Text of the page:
I’m no solo female traveller – obviously! – but I was curious and I’m glad to see NZ make the list! I’d like to think my home country is friendly and welcoming to all types of travellers.

      This list can definitely apply to solo male travelers, too! 😉

      And yes, I think NZ is a great place for travelers of all sorts. There’s a reason it’s my favorite country in the world!!

    Great picks! My first ever solo experience was in London, but I don’t think it really counts as I had lived there in the past, so I knew my bearings pretty well. I still think most Western destinations are great for solo females.

      I didn’t suggest England/London on this list simply because I feel like London could be a bit overwhelming if it was your very first solo trip abroad. Yes, everyone speaks English, but it’s so huge and busy that it might be a bit much to handle!

        Speaking as a New Yorker (i.e., a denizen of a city that’s comparable in size to London), as well as someone who’s been to London seven times with most of those being solo trips, I don’t think London is too overwhelming at all. The Tube makes it very easy to get around, and for English speakers the language is a huge plus. So it’s very easy to ask for directions if you do need help; or to find what you need if you have to go to a pharmacy, for example. And as you know from experience, London is a great base for exploring a bunch of interesting areas that are relatively nearby, ranging from Oxford to Edinburgh. Basically, most of the advantages of Scotland, but much easier to get around.

          Fair enough! I mean, I LOVE London. But trying to look at the city from the perspective of someone who has never traveled before, it could be a bit intimidating! I’m picturing my mom trying to navigate the Tube, for example, and it’s just funny. She would be freaking out!

    Thank you for writing this! I traveled solo a lot as a young(er) woman, and I also rarely felt unsafe, even in places like Honduras and the Philippines. There are certain things you need to be sensible about, but it would be such a pity for many women to miss out on seeing the world because they are afraid of doing it alone!

      I totally agree, Ariana! We make so many excuses for not traveling, and this is one of the worst ones, I think. Traveling alone is actually my preferred way to travel! It’s so liberating, and allows you to really learn and grow as a person.

    I’d add communities such as CouchSurfing to your list of solo-traveler’s essentials and you’re basically all set 🙂

    I wouldn’t know first-hand about the first two, but can definitely vouch for Iceland and Icelanders. As far as costs are concerned, you can really do a lot and see heaps in Iceland without ruining your budget. And it’s coming from a Polish person, so go figure!
    When it comes to transportation and accommodation – Iceland has been made in order for people to hitch hike and camp out in tents in the summer time. Trust me, it won’t get better than waking up with sunrise on a small island on Myvatn lake, with nobody in sight and just nature around. Same goes for the fjords, horse farms etc.

    Exactly thanks to the fact that Iceland is so safe and Icelanders so friendly and helpful, it’s a place where even the least experienced traveller can allow themselves to go wild! (quite literally at that:) )

      Very good point about the camping and hitchhiking in Iceland! In fact, all of these countries are friendly to hitchhikers and campers! I didn’t include that in the post, however, because I’ve never tried it myself.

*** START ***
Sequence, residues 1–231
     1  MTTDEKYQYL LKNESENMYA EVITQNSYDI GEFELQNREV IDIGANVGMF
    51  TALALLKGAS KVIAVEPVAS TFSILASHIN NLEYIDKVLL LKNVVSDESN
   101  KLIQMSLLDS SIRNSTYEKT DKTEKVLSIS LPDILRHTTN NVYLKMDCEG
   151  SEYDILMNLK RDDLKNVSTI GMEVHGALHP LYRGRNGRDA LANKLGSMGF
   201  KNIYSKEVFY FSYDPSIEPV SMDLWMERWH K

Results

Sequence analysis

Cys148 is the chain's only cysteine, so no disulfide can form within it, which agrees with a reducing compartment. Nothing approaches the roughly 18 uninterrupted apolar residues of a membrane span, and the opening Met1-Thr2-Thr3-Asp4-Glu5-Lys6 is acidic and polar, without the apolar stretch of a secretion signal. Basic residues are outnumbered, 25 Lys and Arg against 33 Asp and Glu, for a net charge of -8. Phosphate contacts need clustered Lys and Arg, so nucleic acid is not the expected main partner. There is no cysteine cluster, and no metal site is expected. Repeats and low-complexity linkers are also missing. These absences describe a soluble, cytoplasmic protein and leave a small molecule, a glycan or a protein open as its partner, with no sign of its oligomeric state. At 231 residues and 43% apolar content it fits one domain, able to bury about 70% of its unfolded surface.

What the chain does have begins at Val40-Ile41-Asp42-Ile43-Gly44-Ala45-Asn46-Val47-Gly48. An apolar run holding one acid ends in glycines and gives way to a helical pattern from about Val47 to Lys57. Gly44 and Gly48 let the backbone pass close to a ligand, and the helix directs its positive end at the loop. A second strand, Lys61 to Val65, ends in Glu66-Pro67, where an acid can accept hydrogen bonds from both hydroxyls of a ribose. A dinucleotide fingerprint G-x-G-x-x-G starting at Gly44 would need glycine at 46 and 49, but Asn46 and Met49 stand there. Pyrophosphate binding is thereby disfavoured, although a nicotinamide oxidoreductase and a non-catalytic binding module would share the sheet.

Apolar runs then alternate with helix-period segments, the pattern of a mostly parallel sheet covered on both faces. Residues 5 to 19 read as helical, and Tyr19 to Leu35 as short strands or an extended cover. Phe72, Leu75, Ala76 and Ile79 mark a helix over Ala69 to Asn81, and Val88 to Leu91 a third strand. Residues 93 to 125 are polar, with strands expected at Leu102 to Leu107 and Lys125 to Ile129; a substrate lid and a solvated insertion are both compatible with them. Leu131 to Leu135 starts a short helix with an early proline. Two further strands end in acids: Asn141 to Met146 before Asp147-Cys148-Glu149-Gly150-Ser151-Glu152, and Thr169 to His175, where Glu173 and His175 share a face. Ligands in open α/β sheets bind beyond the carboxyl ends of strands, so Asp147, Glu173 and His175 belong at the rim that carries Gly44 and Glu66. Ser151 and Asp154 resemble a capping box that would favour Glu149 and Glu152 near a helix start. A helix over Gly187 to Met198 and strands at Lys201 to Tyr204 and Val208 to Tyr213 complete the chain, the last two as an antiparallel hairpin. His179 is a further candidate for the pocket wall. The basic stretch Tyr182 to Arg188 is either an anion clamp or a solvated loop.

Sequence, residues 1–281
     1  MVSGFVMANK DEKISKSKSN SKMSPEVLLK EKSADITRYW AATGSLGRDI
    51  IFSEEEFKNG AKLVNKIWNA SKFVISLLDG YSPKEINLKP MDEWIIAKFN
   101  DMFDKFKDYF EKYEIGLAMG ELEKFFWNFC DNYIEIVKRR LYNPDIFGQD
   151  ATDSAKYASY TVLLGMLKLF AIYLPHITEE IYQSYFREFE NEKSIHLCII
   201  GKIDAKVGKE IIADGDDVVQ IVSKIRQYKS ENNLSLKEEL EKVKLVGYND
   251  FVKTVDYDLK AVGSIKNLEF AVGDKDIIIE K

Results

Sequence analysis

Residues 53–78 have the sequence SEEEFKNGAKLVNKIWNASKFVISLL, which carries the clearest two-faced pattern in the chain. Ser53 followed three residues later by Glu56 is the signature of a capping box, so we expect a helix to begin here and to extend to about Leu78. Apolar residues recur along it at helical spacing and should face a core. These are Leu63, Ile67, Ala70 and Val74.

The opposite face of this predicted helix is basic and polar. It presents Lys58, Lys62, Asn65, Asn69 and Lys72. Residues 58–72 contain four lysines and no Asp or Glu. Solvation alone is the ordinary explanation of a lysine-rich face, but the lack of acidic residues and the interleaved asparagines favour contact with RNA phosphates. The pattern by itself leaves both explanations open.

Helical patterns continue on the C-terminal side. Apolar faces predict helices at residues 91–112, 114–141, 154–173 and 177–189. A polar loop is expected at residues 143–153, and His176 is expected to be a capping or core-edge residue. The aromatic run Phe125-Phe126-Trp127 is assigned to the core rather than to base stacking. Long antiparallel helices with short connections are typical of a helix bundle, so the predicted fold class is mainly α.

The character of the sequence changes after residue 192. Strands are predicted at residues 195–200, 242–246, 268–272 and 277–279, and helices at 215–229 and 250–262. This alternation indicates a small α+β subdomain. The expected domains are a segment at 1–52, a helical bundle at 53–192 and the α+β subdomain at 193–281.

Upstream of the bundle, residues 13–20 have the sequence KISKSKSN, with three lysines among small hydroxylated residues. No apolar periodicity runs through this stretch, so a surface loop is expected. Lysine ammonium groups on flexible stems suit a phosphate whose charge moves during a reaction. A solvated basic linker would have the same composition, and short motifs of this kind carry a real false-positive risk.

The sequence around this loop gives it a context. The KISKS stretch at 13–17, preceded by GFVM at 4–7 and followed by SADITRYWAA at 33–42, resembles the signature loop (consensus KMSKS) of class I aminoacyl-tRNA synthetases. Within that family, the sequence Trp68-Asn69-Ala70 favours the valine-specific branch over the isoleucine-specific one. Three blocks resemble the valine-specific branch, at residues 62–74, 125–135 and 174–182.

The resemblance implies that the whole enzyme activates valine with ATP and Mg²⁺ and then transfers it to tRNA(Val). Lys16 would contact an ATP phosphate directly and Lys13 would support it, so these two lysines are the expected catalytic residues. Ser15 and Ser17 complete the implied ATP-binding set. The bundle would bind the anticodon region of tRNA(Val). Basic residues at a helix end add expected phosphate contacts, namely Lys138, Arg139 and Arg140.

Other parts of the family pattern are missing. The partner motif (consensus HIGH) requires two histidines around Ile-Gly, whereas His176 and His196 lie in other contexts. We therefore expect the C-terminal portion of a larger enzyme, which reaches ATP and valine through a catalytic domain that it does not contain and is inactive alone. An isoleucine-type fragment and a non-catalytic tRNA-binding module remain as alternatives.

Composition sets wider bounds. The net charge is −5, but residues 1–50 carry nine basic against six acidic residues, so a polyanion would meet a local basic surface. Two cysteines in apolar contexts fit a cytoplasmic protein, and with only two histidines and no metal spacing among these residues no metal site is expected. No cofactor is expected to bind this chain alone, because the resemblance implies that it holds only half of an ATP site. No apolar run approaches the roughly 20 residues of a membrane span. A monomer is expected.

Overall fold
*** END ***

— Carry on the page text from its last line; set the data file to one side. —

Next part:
I have done that for a month and believe me – no hostel/hotel could ever compare to that experience!

        It was beautiful, thrilling, exciting and veeery cheap! (yes, due to my lack of a proper sleeping bag – cold as well 🙂 )

    Well, I’m a little biased because it’s where most of my travels have taken place, but I think Southeast Asia is a great place for solo female travelers! Perhaps not for first timers who are a bit apprehensive, considering the barriers in language, culture, etc. however there are tons of volunteer programs and even a bus network like the ones in NZ (in Laos it’s Stray) to help bridge the gap.

    Love this post, Amanda! It’s frustratingly true that there are some things women traveling alone simply can’t do with the same fearlessness that men can, but that shouldn’t stop us from doing all we can. For example, a male friend of mine traveling in Cambodia met a tuk tuk driver, hit it off with him, and went on a week long expedition into the jungle to his village. Sounds amazing, but I don’t think I’d be wise to take a random tuk tuk driver up on the same offer. But I surely would go to Cambodia solo and have my own amazing experiences!

      I haven’t been to Southeast Asia myself (yet), but I don’t really have an apprehensions about traveling there solo as a women. However, not sure if I would suggest it for someone’s very first trip abroad if they’re a bit scared about the whole travel thing!

      I love your example about the tuk tuk driver – it IS frustrating sometimes that our gender forces us to be wary of certain situations that would likely be amazing. But, you have to be smart to stay safe! And, like you said, you can still have an incredible time in Cambodia.

    Agree on these three destinations. Pros and Cons sound so true. Scotland is one of my favorite countries. You are so right about warm and welcoming Scottish people.

      I’m sure many more pros and cons could be listed, but I figured these were the major points that most women would be concerned with. Glad you agree with my list!

    Nothing wrong with any of these picks… never been to Iceland, but we love the idea of it. Now if only all these great destinations weren’t also so bloody expensive. Could you do a post on great 3rd world destinations for the first time solo traveler? 🙂

      It does suck that these destinations are all quite expensive, I agree!

      As for great 3rd world destinations for the first-time solo traveler, I’ll have to get back to you on that one once I’ve visited some more!